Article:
A productive wide receiver from a football powerhouse whose stock had dropped because of a poor combine, I thought I'd love Mario Manningham. Except, I didn't. And the more I watched and deeper I dug, the less I liked.
I'm not too worried about Manningham's speed, it's sufficient--at least. He changes gears smoothly and is very good at tracking the ball in flight. I am worried about his cuts, which are long and sloppy, his ability to beat the press, the slightly built Manningham was put in motion a ton, and how his skills will translate to the pros. Being that Manningham isn't incredibly fast, tall, able to jump, outcompete for the ball or shed the press, I just don't see him translating as a deep threat. If he can't run a clean route, or dependably catch the ball, he's not going to become much else, either.
Another thing that struck me was that Michigan seemed to run their passing offense through Manningham. He was the go-to guy, targeted on deep passes and wide receiver screens. Could his yardage be the result of a Steve Smith-like focus in the passing attack? Instead of looking at raw yardage, I looked into his completion percentage. In 2007, only 55% of all passes that targeted Manningham were completed. So, 16.3 yards per completion, yes, but only 8.96 yards per target. Compare that with Field Gulls favorite Malcolm Kelly: 58% completion, 9.77 yards per target. Manningham gets away with a lot of cutback antics that won't fly in the pros, too. His game screams undisciplined. He's the kind of athlete that can dominate inferior competition, but whose cocky style becomes a liability against top competition. Need further proof? Against top 25 defensive teams as measured by FEI, expanded over the past two seasons to improve the sample size (6 games), Manningham caught 56% of passes targeting him. An improvement, right? Except his YPC drops to just 12.25, and his yard per attempt is an awful 6.90. In other words, his completion percentage is still just okay and, in fact, propped up by a lot of go-nowhere wide receiver screens. Instead of looking like a top deep threat, Manningham looks like the best weapon in a bad offense.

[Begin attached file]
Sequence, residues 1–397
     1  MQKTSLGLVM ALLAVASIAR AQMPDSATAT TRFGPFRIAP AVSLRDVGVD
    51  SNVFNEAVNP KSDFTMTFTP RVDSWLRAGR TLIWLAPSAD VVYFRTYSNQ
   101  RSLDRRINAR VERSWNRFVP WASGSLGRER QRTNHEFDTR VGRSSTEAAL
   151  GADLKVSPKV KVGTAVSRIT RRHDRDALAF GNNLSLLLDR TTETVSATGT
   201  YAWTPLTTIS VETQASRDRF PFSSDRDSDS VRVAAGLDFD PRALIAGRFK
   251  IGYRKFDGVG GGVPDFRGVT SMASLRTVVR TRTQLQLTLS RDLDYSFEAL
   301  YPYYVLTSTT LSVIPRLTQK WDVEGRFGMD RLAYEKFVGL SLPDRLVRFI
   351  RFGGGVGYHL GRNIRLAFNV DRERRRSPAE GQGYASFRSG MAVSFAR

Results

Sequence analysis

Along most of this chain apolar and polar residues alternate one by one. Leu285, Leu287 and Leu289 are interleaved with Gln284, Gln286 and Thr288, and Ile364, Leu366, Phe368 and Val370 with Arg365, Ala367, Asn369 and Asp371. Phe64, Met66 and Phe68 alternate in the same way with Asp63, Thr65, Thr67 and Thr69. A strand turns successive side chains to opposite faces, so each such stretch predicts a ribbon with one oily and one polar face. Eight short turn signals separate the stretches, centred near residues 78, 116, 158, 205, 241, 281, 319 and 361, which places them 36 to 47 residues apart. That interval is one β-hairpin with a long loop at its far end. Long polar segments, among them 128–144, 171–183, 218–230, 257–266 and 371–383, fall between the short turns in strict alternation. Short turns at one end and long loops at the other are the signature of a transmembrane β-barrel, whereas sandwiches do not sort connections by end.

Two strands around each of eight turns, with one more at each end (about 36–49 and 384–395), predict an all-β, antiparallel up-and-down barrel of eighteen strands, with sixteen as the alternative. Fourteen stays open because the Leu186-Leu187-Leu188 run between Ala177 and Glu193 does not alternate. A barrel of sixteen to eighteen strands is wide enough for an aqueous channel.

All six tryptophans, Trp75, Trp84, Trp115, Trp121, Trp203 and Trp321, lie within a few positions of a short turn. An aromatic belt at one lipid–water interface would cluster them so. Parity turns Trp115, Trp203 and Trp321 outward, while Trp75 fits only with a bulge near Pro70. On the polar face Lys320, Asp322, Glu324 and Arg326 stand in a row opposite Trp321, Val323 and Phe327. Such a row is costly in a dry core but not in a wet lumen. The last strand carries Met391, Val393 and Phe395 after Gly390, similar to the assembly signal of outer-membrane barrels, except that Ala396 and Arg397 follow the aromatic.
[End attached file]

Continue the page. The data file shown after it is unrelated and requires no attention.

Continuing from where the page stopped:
It's interesting the path a post can take you down. I started this with the hope of advocating Manningham, thinking Seattle needs to target a wide receiver in the draft and looking for a bargain, but end it feeling pretty confident that Manningham's a bust. Seattle already has a wide receiver with good open field skills, exciting athleticism, but loose route running and a questionable ability to get open, Nate Burleson. I talk a lot about not expecting a player to develop new skills, how that's poor talent acquisition, but you must also be aware of the skills that a player might lose. Through age, injury or a transition to faster, stronger more competent competition. After researching him, I wonder, if Manningham's not a pro caliber deep threat than what is he?